Fed Well

The first recorded one was chiseled into clay tablets dating back to 1750 BC in Ancient Mesopotamia. The first one printed and bound came along in 1471 just two decades after the Gutenberg Bible and was written by Bartolomeo Platina called “On Right Pleasure and Good Health”. And the oldest recorded copy still in print today? Versions of what is now known as “Apicius” written by Marcus Gavius Apicius in 1st century Rome. Amazing! And chances are you have one or more of these items, probably many more, in your very own kitchen.  Cookbooks, or cookery books, are staples in my life and have been for quite some time, and with good reason.

Not only have they walked me through creating a dish or meal, they are, and have given me, so much more.  First and foremost, they are books. Like a novel, a book of poetry, or non-fiction tome, I have been known to sit down in a cozy corner with a cup of tea and simply read one.  The photos, themes, combination of ingredients, and varying techniques totally liven my senses and to me, they make for great reading!

Cookbooks have taught me what life was like in different places and times. They have let me peek into a region’s history, culture, society, religion, and even weather. I learned that the cuneiform tablets that are believed to be the oldest cookbooks, included recipes that combined lamb, fowl, vegetables, and barley all cooked in water. The earliest stews, perhaps. I find it fascinating to learn what people have had available at any time in history, and in any place, and what they created with those ingredients. So resourceful! After learning about government rationing here in the 1930s and 40s, I wondered what could people possibly make with so little meat, eggs, fats, sugar, butter, or cheese? “Wartime Recipes” by Ivor Claydon answered that for me.

Cookbooks are my mementoes, usually the only souvenir I ever buy. Whenever we travel, whether it be regional, cross country or international, I love bringing home a little piece of where we visited, as food is always a part of the experiences we share when we’re away.

Stayed at this inn on our honeymoon, Goshen, VT

From my journal, July 3, 2009 in Warsaw, Poland

“Bought a few copies of “Polish Cooking” at the Royal Castle in Warsaw today for me, mom, Donna and Aunt Louise…want to try the borscht, golabki, and pierogie recipes!”

Cookbooks have also guided me through my various lifestyles over the years. “Home Cooking” by Linda McCartney and Mollie Katzen’s “Moosewood Cookbook” are still in my collection. I have loved and used them as references for the 21 years I was a vegetarian. My current go-to books are the “Nom Nom Paleo” series by Michelle Tam and Henry Fong and the “Whole 30” cookbooks by Melissa Hartwig, as I now enjoy a paleo diet.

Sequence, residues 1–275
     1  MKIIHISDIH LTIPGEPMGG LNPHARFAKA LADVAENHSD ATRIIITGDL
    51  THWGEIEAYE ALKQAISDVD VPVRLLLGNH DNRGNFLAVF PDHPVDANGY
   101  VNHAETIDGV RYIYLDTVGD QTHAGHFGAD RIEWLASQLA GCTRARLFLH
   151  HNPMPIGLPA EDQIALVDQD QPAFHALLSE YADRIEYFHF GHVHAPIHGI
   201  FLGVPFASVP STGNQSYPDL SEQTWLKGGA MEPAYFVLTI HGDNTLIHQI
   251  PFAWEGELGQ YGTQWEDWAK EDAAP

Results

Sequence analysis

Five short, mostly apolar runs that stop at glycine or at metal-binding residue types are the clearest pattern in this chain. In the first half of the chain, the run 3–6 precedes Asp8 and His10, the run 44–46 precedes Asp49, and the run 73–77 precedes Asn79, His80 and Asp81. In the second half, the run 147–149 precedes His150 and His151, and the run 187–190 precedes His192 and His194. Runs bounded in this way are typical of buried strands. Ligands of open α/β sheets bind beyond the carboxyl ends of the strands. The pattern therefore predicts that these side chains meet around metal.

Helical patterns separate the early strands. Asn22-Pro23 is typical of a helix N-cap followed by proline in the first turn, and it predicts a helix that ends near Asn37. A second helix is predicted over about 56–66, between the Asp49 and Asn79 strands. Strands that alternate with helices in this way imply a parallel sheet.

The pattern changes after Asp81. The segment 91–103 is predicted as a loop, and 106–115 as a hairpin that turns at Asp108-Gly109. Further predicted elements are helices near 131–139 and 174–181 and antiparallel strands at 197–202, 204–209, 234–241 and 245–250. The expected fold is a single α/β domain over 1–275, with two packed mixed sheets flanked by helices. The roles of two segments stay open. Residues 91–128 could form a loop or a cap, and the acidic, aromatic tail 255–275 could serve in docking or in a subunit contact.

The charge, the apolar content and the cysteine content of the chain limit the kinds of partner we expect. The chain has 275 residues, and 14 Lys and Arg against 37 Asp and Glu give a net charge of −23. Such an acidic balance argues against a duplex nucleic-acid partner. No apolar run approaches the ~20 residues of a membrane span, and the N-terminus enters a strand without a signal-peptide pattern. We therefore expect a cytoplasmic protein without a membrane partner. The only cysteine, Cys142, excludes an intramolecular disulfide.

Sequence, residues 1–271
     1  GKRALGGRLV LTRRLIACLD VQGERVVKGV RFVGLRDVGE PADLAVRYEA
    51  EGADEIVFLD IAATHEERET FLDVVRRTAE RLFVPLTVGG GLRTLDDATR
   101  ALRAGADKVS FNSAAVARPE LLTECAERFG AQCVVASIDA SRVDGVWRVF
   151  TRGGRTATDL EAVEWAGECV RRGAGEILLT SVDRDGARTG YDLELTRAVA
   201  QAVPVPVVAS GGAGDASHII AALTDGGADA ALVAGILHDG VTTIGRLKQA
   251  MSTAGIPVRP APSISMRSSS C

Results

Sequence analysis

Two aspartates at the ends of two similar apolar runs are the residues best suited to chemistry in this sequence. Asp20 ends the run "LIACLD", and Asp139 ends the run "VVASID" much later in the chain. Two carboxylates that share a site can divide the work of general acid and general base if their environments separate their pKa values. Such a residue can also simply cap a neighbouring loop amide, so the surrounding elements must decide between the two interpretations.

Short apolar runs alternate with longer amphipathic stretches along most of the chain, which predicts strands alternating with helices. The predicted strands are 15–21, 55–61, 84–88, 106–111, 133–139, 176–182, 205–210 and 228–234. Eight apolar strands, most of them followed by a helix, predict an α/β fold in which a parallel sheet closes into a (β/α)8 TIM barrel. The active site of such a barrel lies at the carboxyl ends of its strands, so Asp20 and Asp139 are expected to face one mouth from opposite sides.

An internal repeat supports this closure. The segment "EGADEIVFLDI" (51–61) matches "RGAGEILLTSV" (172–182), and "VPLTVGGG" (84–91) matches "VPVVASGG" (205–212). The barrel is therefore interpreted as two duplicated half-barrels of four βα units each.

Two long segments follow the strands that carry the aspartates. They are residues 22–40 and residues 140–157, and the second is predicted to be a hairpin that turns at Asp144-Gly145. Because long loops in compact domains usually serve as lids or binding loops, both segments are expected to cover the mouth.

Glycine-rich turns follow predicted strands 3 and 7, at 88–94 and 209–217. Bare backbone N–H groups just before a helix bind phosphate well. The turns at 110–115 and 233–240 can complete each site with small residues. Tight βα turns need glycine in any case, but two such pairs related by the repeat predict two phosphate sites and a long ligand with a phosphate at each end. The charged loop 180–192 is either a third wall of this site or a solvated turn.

Cookbooks given to me as gifts, still connect me to the people who gave them to me. My first and only copy of “The Joy of Cooking” by Irma S. Rombauer, gifted by my mom, was packed into my college suitcase in 1979 and is still with me today. Duct taped together it sits on my kitchen shelf with a few others I cook from daily. When my late mother-in-law, Ella gave me a copy of “Bubbe’s Cooking” a year after we met, I was thrilled. To me, it meant I was now a part of the family, and she was encouraging me to add Jewish cooking to my repertoire. And my very first cook…what a great memory! My Aunt Bev surprised me with it when I was about nine years old. Up until then, I could only watch and assist her as she created yummy baked goods with recipes from her cookbooks. But when I received my very own  – wow! –  I could do the cooking! Called “Fun to Cook Book” by Mary Blake, it was sponsored by Carnation and written especially for kids.  The illustrations are cartoonish and the recipes simple, but I adored it. Under my aunt’s guidance, the first recipe I ever made from it was “Supper Cocoa”. Ha!  Just four ingredients: cocoa powder, sugar, water, and Carnation Evaporated Milk combined in a saucepan, heated on the stove. Hot cocoa never tasted so good! 

I still have a copy!

My affection for cookbooks goes way back and goes way beyond what lies between their covers. They teach, inform, and entertain me. They connect me with different times, places, and people. In short, they help me feed my body, my mind, and my soul. They keep me, well fed.

4 thoughts on “Fed Well

  1. That’s a lovely idea and I am sure you’ve enjoyed lots of great ideas and new dishes! I collect an ornament which makes an interesting and bright Christmas decoration. Thank fully, I only see them once a year as some are quite untraditional.


  2. I love hearing about what people collect – lets you get to know them better! Would love to see a pic of your Xmas tree – it must be so fun to decorate & then enjoy!


    1. I agree that some are worth the pictures alone! I recently received a bunch of BHG and Women’s Day Encyclopedia cookbooks from the 1960s – the photos, illustrations and even “advice” given with the recipes are amusing and amazing!


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